Posts Tagged 'Punchy Story'

Lodge Fight

If you wonder about the origin of everything, you may come to the conclusion that there was no origin of anything.

~ V. Shnodgrate, Renowned PL Poet

UntitledSo, the professor ran back into the lodge like a bat from the depths of heaven, running from an angel who’d had a bad day, and was carrying a torch that was glowing purple, which made it very freaky.

If you think that was a run-on sentence, or that something was wrong in the preceding paragraph, please think again–at some other time, just not now.

Anyways, the decision was before the professor.

Should I help Salami and Ruber knock off Count Mastroid…or, should I do the just thing and stop them?

Of course, the professor, being a righteous and just soul, full of the iniquity of many different nations and tongues, I decided to let things just ‘roll’.

But first, I changed into an epic spy uniform.


Yups. That’s kinda what I looked like. Complete with the boom-boom as well. #evil

Anyways and a sum that would boggle the mind of an accountant, once dressed, I went downstairs.

That was a mistake, I fear.

“Oh my!” one lady screamed. “We’re all going to die!”

At first, this professor just chuckled. I mean, after all, if I looked that scary, then… #success.

But things got worse. Everyone started screaming. Chaos. That’s what it was. Babies were bleating, too.

Then, this professor noticed movement out of the right side of my right eye on the right side of the lodge.

I thought nothing of it, for this professor was heading towards the door. I had to meet two fellows outside, after all.

But that moving thingy rammed right into this professor, and knocked me clean off my feet, like a potato that’s slipped down a peeler’s sharp blade and into the moist sink. (Yes, ‘moist’ is a disgusting word, I fear. I’ve outlawed it, the sudden.)

I went tumbling and landed on my back. The moving thingy–which was a human–was straddling me.

The boom-boom was knocked from my hands.

The human, who was dressed very similar to me–so I couldn’t see the face–began to try to choke the poor, dull professor out.

Now, the professor has jitsed in his day, and–


–it’s very easy to discern between the sexes, you know. It becomes readily apparent for a few different reasons.

The professor could tell that the human was, in fact, a girl.


I pulled her close, executed a flip (I was on top now, see) and pulled a knife from my boot.

She grunted as she hit the floor.

Not too much like this, tho...

Not too much like this, tho…

And that’s when the professor felt a muzzle press against his head.

No, it wasn’t the pooch kinda of muzzle either.

“Well, well,” a voice rang out.

The professor was hauled to his feet, off the girl, who stood. She was #cranky.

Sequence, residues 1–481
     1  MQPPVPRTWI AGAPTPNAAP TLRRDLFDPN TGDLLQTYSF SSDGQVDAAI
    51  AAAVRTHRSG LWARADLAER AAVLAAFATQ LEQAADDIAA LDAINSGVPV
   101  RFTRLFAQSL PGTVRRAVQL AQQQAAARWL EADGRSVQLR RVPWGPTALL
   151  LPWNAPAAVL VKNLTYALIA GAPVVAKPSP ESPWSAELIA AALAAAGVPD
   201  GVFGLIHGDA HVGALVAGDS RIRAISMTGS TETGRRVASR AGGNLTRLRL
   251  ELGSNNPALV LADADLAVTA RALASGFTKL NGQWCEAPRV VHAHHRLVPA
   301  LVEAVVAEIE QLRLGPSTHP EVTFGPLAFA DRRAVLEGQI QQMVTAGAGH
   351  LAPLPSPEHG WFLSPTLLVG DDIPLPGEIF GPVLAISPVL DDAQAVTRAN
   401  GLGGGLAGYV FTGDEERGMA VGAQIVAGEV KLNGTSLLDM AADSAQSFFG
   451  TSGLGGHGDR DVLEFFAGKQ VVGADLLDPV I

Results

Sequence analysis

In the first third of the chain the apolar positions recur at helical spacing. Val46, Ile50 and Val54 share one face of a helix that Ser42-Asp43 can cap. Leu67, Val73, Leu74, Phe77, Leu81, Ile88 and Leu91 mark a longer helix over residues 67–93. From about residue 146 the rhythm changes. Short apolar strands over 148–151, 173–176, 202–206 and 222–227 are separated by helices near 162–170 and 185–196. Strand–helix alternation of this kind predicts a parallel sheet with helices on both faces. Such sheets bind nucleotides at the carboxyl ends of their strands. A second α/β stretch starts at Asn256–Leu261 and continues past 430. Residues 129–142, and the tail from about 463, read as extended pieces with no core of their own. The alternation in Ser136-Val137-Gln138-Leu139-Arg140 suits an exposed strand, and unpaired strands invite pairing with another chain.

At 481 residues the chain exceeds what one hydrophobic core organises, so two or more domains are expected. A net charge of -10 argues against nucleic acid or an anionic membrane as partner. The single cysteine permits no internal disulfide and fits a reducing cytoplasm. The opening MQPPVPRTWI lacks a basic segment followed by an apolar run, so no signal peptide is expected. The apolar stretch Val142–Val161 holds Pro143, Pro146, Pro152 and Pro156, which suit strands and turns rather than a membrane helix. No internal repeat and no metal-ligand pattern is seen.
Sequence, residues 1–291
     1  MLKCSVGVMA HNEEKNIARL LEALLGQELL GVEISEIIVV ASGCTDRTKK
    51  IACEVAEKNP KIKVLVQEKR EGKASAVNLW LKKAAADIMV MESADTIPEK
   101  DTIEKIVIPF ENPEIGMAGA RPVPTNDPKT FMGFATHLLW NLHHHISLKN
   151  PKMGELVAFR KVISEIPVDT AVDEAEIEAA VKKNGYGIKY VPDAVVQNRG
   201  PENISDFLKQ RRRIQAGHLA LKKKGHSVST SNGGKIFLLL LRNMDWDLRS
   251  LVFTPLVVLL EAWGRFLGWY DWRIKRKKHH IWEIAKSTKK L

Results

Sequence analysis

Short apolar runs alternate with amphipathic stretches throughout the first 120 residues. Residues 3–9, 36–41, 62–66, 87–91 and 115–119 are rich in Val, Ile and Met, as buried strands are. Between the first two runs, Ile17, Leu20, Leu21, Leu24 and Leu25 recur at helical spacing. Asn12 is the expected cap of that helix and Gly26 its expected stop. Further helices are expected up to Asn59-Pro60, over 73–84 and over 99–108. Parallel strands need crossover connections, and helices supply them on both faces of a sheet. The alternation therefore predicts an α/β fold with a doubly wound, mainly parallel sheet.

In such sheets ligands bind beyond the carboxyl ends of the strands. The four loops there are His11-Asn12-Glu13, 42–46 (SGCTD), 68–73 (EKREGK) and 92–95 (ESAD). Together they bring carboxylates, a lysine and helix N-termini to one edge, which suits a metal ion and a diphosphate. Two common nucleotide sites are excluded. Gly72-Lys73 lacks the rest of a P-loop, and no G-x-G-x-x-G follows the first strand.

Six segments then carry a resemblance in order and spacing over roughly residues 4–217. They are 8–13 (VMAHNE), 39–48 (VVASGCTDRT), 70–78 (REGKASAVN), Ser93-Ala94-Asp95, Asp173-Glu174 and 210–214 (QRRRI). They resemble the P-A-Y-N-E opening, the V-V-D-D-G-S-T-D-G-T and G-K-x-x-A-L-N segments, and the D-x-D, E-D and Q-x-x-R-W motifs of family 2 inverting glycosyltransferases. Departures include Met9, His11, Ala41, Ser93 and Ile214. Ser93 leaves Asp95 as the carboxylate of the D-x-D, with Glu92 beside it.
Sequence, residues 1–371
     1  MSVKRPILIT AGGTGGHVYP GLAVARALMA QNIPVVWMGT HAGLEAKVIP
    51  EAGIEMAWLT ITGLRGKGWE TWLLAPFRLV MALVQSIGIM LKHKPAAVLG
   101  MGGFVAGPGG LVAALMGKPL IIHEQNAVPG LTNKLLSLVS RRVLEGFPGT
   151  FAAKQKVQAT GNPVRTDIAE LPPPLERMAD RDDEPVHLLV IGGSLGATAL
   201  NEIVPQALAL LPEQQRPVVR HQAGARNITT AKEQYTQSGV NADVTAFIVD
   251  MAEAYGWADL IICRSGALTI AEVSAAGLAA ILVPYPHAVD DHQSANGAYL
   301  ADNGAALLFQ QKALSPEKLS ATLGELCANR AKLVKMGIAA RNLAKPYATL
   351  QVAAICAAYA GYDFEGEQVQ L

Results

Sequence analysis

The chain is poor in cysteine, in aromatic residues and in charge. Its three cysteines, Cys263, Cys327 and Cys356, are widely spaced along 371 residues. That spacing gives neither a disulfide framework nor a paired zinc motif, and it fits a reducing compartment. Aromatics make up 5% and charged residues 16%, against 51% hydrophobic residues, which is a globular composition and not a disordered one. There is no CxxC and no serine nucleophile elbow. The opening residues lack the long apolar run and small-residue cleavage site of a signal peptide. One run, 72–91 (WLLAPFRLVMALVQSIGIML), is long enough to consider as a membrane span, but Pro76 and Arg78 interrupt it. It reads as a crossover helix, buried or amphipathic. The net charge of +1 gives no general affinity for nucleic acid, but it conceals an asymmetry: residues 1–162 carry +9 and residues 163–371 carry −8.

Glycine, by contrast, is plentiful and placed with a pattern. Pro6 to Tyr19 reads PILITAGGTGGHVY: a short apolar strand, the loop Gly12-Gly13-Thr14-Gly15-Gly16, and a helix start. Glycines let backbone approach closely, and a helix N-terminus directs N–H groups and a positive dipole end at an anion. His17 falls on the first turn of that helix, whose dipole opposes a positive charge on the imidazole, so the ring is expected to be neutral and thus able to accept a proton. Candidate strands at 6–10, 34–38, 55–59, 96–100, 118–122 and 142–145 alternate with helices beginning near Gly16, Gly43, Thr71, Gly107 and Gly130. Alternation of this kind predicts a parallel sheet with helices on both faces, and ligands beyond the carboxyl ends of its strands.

I was surrounded by at least ten men, all armed to the teeth–and even eyes. The lodge had cleared out. All the vacationers were gone. Quite gone.

A fellow with a gray goatee was standing close by.

“I knew the assassination attempt was coming. I just didn’t think the assassin would walk through the lodge and announce himself like an idiot. This was too easy.”

Then, to his men: “Take off his mask!”


Mr. Magi and Schwarz: Tea is Not Nice

“Do you like tea, Schwarz?” Mr. Magi asked as he poured two cups and sat one in front of Schwarz.

“Yes, okay, maybe not,” Schwarz Tauptinker answered.

Mr. Magi raised one eyebrow quizzically. “Answer the question with a straightforward answer, young man. Don’t get in the bad habit of saying all the possible answers at once. How can anyone tell anything at that point?”

Schwarz laughed. “What I meant to say is that tea is not nice, chickit.” Then Schwarz drained the whole cup.

“You’ll burn your throat out!” Mr. Magi cautioned, but it was too late.

“Nah. I can take it—tell you what.”

And Mr. Magi seemed surprised that Schwarz could indeed drink a whole cup of very hot tea all at once without any ill side-effects. (It might be a power that the professor is working on.)

“So, tell me why tea is not nice,” Mr. Magi said.

“It’s always so hot,” Schwarz explained. “It’s almost as if it’s trying to burn your throat, chickit. Oh yeah, yeah, yeah.”

Mr. Magi squinted one eye and then the other eye. And then he did it all over again, starting with the left eye. “That’s quite odd, Schwarz. The tea is hot for that’s how we make tea. It must be hot.”

“You mean you make the tea hot on purpose?”

Mr. Magi nodded. “Yes.”

“What?!” Schwarz wasn’t happy. “You purposely try to burn my throat? What?! No, what?!”

Mr. Magi waved his hand. “Young man, you’re still not understanding. In order to make it tea, you must make it hot. That’s how it works. No one is trying to hurt no one.”

“I hate No One, then, since he’s trying to hurt No One.”

I believe Mr. Magi may have choked here. “What do you mean by that? I need to think about what you just said. Say it again, please?”

“No,” Schwarz said in a high-pitched voice.

And then Schwarz said it: “Tea conversations are weird, chickit!”

Prince Beef and the Professor